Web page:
Millennials, specifically, like to feel important and seen, so the personalization opportunities of direct mail make for great millennial marketing. To add to this, many millennials and Gen-Z-ers have digital fatigue and find taking a “break” with print to be often enjoyable, and it “should be no surprise that those raised on the internet are best able to tune out online ads.” They also have shown to have a lot more trust in print resources than in digital.
Misconception 5: Direct mail works on its own and doesn’t integrate with other channels
These days, direct mail is actually an excellent touchpoint among many, especially when conducting a multichannel marketing campaign. And, we’d even say that combining tactics, even if it’s just two, is usually the way to go. In a recent study, a whapping 68% of marketing respondents saw that combining digital and direct mail increased visits to their websites.
So, how do you integrate physical with digital? By using a URL of a landing page or website, a PURL (personalized URL), BRC (business reply card), or a QR code. Any of these can be used to lead the viewer to a digital touchpoint. These can all also be used to measure attribution and better understand your target audience, and the emails and other information acquired from BRCs or online landing page forms can be used for email marketing, targeting customers with digital advertising, and sending further communication.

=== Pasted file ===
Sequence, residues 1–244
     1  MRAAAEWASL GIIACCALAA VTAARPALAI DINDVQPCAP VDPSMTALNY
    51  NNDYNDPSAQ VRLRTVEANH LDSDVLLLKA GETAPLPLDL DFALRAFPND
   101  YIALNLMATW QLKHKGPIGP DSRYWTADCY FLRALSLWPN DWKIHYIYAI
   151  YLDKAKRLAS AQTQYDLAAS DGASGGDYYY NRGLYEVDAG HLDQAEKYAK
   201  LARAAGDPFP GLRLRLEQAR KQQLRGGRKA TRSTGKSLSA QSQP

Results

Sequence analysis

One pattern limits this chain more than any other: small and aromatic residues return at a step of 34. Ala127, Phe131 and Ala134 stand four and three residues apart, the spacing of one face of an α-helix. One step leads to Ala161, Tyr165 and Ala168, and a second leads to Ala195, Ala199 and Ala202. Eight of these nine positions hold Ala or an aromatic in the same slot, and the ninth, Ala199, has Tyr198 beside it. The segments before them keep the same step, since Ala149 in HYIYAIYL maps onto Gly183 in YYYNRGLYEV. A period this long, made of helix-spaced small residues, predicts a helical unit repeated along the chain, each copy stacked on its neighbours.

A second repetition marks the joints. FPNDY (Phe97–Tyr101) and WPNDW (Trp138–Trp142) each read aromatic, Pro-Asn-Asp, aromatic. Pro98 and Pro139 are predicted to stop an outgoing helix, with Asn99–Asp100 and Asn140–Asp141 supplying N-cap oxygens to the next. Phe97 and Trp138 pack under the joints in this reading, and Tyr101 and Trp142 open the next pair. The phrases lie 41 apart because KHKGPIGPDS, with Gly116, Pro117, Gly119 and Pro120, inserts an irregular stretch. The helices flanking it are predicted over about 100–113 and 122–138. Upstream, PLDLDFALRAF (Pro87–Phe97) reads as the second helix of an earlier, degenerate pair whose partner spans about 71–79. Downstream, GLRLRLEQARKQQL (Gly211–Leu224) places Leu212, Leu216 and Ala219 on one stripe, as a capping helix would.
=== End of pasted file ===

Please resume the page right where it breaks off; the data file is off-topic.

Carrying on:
Misconception 6: Direct Mail = Junk Mail
Unlike junk mail, direct mail is focused, targeted, relevant, ROI-producing, and uses a quality send list. For more on why direct mail isn’t the same as junk mail, check out our blog, “Direct Mail vs. Junk Mail”, here. Strata can be a resource for direct mail with a surgically targeted list of prospects that are not only more likely to have a need for your project or service, but are also more likely to respond.
Now that it’s a bit clearer that direct mail is relevant, effective, and can be a huge part of the bigger picture of a marketing strategy, you may be interested in giving direct mail marketing or multichannel marketing a try. If so, give us a call.
What’s the Real Deal?
There’s a ton of information out there about multichannel marketing – and it can be hard to sift through. You probably often find yourself wondering, what’s real, and what’s myth? You’re not alone. Many marketers end up hindering their own multichannel efforts by believing a lot of these circulated misunderstandings, but with our help, you don’t have to. Today, we’re looking at three of the most common misconceptions around multichannel marketing, and – as experts in the area, letting you in on the real deal.
Myth 1: Multichannel Marketing is “Too Expensive”
There are a ton of marketers and organizations out there that have yet to try or implement multichannel marketing because it’s “too expensive” or “over budget”. It may cost slightly more than your generic, on-touch marketing, but it’s important to consider the benefits and weigh the cost versus the potential (and often guaranteed) ROI. There’s proof out there that many businesses end up getting much greater ROI from multichannel marketing, making the price worth it. Plus, it’s estimated that companies with optimal multichannel campaigns experience “customer retention rates of 89%, compared to an average of 33% for those businesses with weak multichannel engagement”. It’s all about how you use your budget, and allotting it to the marketing practices and programs that will yield the highest return.
Myth 2: Multichannel Solutions “Benefit Only the Customer”